All interviews were conducted in 2013, approximately 12 months after year-one implementation of CA-CORD intervention activities. Interviews were conducted by trained interviewers in respondents’ language of choice (English or Spanish) using a semistructured interview guide tailored to respondents’ role in the organization. Interview questions (available from the authors upon request) were informed by the Multilevel Implementation Framework (MIF) (15), a conceptual framework of factors affecting implementation of multisector, multilevel approaches. Organization-specific constructs relevant to this study included previous experience promoting healthy behaviors, compatibility with organizational values and priorities, compatibility with existing work processes, leadership support, and implementation climate (ie, the extent to which intervention use is expected and rewarded by the organization). Additional constructs of interest included the characteristics of people involved (ie, frontline staff responsible for implementing CA-CORD and of participating children and/or families), connections to the broader community, and the strength of the external support system (eg, trainings and intervention-specific materials provided by academic-community partners).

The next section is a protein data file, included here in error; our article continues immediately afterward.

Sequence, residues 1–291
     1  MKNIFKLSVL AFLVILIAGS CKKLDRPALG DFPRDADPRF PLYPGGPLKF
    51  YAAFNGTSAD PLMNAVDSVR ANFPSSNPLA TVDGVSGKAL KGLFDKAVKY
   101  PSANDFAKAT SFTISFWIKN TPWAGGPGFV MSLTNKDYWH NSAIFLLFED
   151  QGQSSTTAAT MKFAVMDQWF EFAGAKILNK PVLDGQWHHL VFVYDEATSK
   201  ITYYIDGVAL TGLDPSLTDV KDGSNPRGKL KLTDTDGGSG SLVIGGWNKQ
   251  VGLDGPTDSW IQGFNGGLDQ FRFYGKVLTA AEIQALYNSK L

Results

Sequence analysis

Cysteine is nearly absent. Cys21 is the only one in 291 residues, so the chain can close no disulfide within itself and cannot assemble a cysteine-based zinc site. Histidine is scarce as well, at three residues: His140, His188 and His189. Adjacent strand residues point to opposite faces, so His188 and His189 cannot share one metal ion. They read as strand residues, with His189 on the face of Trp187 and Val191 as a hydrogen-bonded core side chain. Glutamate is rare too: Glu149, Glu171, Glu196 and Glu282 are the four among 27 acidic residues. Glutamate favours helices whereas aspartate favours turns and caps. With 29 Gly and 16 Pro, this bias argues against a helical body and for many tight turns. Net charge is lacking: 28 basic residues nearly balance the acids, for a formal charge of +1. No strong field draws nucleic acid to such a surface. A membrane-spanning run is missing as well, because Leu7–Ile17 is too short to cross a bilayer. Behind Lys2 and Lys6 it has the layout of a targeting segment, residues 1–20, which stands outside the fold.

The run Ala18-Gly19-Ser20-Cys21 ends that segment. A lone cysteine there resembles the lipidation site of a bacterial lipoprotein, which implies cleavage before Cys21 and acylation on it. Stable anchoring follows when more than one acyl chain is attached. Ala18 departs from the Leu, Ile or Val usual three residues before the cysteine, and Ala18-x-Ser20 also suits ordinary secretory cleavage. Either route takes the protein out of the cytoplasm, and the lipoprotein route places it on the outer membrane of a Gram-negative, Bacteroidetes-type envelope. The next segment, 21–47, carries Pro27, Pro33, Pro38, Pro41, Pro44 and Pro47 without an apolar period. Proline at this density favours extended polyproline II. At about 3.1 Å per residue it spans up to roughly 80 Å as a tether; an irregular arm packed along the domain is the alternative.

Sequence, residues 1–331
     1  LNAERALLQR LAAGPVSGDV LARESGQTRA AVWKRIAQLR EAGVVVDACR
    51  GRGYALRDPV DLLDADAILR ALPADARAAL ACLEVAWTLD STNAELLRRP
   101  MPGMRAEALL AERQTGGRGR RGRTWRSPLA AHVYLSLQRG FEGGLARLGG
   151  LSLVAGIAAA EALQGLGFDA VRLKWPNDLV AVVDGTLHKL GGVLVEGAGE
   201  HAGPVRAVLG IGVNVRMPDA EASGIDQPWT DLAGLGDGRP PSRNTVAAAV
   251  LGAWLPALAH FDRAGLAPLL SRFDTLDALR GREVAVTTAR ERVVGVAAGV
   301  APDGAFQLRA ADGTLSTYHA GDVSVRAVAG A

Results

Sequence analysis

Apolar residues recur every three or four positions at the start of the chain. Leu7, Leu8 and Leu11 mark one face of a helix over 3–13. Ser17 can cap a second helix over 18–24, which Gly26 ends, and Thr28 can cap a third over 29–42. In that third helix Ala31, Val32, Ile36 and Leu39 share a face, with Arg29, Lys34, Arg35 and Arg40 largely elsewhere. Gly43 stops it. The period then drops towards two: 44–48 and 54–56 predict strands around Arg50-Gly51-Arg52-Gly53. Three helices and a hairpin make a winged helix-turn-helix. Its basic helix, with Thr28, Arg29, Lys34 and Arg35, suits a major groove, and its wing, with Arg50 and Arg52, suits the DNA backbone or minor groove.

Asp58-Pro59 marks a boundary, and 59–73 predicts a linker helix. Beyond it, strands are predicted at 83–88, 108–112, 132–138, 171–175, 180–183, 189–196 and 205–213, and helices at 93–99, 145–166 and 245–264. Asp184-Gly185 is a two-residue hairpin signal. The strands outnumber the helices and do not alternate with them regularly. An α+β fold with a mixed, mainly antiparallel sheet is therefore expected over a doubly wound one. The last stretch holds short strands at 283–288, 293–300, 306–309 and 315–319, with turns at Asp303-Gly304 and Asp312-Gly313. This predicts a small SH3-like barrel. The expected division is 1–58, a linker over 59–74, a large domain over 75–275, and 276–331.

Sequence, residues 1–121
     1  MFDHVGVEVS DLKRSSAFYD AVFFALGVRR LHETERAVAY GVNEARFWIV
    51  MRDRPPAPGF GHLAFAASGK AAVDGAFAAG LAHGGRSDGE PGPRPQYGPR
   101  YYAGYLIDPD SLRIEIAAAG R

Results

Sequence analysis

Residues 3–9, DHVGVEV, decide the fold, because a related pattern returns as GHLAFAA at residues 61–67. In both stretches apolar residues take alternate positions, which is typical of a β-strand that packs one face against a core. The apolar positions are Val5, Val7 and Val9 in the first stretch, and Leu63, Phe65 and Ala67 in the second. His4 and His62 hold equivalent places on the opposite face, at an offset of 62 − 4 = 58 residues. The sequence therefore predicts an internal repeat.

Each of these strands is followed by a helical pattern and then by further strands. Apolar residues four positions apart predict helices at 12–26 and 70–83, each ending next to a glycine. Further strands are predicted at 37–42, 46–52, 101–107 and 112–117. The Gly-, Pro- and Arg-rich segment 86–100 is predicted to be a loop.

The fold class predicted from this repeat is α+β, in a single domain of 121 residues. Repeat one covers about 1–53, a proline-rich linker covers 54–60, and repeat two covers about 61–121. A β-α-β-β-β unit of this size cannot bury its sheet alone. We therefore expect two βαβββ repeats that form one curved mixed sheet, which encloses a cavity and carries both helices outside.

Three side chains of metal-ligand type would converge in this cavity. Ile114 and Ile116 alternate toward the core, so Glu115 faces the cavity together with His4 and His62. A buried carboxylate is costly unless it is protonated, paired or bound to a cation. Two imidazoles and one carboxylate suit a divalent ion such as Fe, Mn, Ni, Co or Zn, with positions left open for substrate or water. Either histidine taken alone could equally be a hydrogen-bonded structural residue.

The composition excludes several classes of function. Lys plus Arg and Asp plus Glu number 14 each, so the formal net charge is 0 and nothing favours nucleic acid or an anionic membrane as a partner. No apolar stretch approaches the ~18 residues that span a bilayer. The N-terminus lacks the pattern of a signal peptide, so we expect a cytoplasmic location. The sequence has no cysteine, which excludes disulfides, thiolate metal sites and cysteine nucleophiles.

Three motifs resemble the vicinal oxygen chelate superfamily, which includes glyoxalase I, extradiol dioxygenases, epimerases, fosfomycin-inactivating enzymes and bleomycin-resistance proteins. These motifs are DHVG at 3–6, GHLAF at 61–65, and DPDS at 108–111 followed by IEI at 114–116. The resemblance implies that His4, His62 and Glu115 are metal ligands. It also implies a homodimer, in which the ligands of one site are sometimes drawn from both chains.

On average, interviews lasted from 30 to 60 minutes. With respondents’ permission, most (95%, n = 70) were recorded. For the remaining interviews (n = 4), notes were used in place of a recording.
All recordings were transcribed verbatim. Interviews conducted in Spanish were translated into English by a certified translator. Final transcripts and interview notes were imported into the qualitative software NVivo 10.0 (QSR International) for analysis. We used template analysis (17), in which an initial codebook informed by the MIF was refined to incorporate emergent themes. Initial codes were applied to a subset of 6 transcripts. Coding was compared for consistency by a second person, and the codebook was revised to clarify construct definitions or better highlight critical themes. All transcripts were subsequently coded by 2 investigators. Discrepancies in coding were discussed until consensus was reached. Within-case and between-case analyses focused on the degree to which specific constructs emerged in the data and the degree to which each construct was perceived as affecting implementation. Coded data were also analyzed to identify similarities and differences by sector.